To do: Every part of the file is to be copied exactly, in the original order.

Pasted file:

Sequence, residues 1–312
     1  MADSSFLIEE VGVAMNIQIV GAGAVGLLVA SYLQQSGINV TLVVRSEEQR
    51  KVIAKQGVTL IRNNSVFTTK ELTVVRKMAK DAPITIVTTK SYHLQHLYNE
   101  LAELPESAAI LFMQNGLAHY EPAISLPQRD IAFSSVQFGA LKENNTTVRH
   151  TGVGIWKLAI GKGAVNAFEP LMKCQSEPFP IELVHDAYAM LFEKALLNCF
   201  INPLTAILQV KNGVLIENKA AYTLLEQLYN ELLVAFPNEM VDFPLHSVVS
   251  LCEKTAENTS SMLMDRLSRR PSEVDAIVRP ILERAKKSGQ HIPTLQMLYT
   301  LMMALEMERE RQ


Sequence, residues 1–312
     1  MADSSFLIEE VGVAMNIQIV GAGAVGLLVA SYLQQSGINV TLVVRSEEQR
    51  KVIAKQGVTL IRNNSVFTTK ELTVVRKMAK DAPITIVTTK SYHLQHLYNE
   101  LAELPESAAI LFMQNGLAHY EPAISLPQRD IAFSSVQFGA LKENNTTVRH
   151  TGVGIWKLAI GKGAVNAFEP LMKCQSEPFP IELVHDAYAM LFEKALLNCF
   201  INPLTAILQV KNGVLIENKA AYTLLEQLYN ELLVAFPNEM VDFPLHSVVS
   251  LCEKTAENTS SMLMDRLSRR PSEVDAIVRP ILERAKKSGQ HIPTLQMLYT
   301  LMMALEMERE RQ